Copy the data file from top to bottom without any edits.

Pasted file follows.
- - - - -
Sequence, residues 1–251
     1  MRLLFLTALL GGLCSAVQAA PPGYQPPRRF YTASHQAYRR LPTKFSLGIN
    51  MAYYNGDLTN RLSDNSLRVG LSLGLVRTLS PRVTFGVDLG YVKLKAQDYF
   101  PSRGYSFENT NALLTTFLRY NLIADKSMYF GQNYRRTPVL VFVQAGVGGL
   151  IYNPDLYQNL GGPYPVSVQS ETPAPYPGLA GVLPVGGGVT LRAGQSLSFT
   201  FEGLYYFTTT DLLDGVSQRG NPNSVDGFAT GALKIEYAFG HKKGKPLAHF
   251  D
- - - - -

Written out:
Sequence, residues 1–251
     1  MRLLFLTALL GGLCSAVQAA PPGYQPPRRF YTASHQAYRR LPTKFSLGIN
    51  MAYYNGDLTN RLSDNSLRVG LSLGLVRTLS PRVTFGVDLG YVKLKAQDYF
   101  PSRGYSFENT NALLTTFLRY NLIADKSMYF GQNYRRTPVL VFVQAGVGGL
   151  IYNPDLYQNL GGPYPVSVQS ETPAPYPGLA GVLPVGGGVT LRAGQSLSFT
   201  FEGLYYFTTT DLLDGVSQRG NPNSVDGFAT GALKIEYAFG HKKGKPLAHF
   251  D